It kind of feels like we are all living in Munchkinland in the Wizard of Oz this morning. It feels so odd to celebrate a death.
That being said, in my opinion, Osama Bin Laden was a very evil man and the world is a better place today for his loss. I stayed up into the wee hours of the night watching the crowds rejoice on television, as people gathered at Ground Zero, in Times Square, outside the White House, and even on Boston Common. While nothing can begin to remedy the pain that the United States and it's citizens suffered almost a decade ago, this death brings some measure of closure and justice. And hopefully peace.
It was interesting to me to watch some of the crowds, which seemed to be filled with mostly college students, except for at Ground Zero. The college students of today were pre-pubescent when 9/11 occurred. They have few memories of life without war and before the daily knowledge of the threat of terrorism. I was in my senior year of college in September of 2001. Like many Americans, I remember what I was doing on the morning of September 11th. I was eating cereal before class and watching tv and saw the second plane hit. I still had to go to school. It was a Psychological Research Methods class. We pleaded with the teacher to let us go home, as everyone just wanted to be with their families at that time. Finally, the state school closed for the day and we all returned to our televisions to watch the horror unfurl.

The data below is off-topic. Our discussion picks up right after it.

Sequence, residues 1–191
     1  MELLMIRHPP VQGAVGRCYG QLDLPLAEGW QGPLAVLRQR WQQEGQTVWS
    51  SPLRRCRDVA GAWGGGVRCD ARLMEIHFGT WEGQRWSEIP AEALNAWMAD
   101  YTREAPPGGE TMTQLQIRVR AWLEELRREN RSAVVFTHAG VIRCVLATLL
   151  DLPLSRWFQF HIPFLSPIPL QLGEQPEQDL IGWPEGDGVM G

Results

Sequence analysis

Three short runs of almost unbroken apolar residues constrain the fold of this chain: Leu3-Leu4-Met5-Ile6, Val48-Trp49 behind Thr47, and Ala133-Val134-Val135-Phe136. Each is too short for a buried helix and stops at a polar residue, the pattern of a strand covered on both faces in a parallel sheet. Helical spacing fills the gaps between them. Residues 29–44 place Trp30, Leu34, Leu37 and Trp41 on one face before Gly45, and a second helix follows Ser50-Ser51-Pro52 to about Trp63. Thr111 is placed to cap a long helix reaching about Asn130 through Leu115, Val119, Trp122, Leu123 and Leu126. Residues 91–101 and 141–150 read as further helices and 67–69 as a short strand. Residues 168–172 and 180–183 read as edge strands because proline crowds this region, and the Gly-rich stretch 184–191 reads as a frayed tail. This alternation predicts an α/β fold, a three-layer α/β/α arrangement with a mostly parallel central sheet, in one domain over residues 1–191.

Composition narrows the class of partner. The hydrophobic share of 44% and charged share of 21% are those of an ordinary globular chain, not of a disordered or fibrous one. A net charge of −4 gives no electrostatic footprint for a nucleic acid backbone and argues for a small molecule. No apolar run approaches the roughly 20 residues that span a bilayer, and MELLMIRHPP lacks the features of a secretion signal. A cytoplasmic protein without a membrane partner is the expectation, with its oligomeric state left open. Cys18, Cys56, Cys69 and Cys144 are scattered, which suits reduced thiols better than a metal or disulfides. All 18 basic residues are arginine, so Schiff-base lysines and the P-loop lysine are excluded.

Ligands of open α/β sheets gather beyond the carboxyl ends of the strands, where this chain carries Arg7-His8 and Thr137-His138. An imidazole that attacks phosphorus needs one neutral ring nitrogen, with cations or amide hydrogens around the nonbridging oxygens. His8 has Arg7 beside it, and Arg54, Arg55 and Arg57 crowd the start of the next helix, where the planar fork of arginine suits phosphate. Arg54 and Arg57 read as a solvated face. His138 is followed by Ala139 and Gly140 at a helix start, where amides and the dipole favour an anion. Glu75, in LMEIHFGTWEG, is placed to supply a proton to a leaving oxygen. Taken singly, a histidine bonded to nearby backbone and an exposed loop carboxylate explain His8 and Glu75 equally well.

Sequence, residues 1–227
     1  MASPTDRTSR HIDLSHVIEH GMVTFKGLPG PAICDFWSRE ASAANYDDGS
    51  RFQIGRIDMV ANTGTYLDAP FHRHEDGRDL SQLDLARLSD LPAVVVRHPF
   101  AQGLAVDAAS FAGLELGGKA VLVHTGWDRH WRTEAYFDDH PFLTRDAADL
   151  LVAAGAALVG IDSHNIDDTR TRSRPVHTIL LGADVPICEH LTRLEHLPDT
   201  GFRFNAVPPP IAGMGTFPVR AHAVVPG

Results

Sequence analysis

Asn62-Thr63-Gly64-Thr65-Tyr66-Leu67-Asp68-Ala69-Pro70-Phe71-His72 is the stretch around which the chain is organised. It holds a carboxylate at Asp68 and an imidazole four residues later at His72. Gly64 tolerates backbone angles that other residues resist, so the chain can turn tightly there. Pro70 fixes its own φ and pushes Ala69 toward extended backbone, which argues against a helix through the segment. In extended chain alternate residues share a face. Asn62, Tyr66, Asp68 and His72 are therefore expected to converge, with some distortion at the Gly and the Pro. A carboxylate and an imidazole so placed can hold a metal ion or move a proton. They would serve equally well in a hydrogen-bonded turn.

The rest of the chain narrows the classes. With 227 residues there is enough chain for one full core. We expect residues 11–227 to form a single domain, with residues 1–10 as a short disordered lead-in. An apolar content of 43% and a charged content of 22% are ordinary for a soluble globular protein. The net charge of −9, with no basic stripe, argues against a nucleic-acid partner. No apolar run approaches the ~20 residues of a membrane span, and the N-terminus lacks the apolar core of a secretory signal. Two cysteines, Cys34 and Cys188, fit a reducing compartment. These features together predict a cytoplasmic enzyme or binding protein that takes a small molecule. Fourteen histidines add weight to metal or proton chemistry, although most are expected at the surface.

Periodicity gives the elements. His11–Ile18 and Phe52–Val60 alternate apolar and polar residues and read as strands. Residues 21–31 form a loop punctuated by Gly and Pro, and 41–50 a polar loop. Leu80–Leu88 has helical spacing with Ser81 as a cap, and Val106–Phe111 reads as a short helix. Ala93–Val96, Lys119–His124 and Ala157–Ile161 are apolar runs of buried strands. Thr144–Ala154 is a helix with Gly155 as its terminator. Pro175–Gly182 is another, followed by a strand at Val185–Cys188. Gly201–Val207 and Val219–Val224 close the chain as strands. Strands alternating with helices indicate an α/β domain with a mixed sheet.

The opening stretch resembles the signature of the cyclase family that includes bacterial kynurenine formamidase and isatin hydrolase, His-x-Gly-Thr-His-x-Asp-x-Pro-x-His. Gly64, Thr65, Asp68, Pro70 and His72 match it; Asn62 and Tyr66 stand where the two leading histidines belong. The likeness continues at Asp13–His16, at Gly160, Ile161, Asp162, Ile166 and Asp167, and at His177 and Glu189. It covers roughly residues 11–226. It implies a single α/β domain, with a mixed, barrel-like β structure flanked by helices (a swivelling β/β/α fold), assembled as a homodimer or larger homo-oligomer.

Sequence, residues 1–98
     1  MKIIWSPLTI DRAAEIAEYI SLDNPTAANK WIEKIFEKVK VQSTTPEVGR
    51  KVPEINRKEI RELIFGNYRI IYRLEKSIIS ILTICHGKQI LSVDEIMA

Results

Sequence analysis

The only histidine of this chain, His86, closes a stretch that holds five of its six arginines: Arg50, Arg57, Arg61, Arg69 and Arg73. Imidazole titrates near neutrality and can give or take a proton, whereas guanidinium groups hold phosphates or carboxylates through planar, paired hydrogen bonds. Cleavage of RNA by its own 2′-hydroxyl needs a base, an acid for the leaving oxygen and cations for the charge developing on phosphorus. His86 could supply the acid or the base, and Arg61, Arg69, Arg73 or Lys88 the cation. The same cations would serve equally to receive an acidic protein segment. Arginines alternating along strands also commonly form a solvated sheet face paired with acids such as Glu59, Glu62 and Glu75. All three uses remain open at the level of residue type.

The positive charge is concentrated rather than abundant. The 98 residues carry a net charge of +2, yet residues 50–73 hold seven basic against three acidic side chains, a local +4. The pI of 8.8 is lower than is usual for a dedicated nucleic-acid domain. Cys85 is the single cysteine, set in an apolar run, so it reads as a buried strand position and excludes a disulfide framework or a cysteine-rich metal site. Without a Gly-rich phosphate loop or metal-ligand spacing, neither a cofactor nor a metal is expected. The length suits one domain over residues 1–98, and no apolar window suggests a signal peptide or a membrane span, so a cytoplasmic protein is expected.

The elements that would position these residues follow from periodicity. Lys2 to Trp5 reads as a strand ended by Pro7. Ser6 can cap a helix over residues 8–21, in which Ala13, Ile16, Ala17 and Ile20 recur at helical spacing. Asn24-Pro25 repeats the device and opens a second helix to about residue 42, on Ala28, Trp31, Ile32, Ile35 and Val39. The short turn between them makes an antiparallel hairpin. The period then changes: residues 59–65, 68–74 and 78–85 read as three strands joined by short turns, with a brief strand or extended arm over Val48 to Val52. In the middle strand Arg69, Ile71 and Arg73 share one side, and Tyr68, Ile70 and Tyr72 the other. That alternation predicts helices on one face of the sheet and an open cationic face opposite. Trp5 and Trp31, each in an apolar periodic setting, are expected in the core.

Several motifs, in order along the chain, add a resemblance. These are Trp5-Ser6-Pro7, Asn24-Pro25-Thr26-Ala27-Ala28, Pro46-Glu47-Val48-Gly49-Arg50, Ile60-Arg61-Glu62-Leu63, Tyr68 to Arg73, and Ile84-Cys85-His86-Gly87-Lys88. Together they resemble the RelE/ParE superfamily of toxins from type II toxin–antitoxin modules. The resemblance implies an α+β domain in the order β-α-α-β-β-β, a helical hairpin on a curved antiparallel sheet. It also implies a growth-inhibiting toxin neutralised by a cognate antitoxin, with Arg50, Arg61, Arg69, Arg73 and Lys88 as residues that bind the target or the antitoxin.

As I was driving in to work today, the song "I'm proud to be an American" played on the radio. I drove carefully as my eyes brimmed with tears. I sang along, thinking of my elementary school teacher, Mrs. Conway, who taught me that song so long ago. I remember the enthusiasm we all had back then; at the part where he sings "and I'd proudly stand up next to Her and defend Her still today", all of us would kind of half jump to mimic standing up. I felt that same enthusiasm this morning. God Bless America and I wish liberty and justice for all.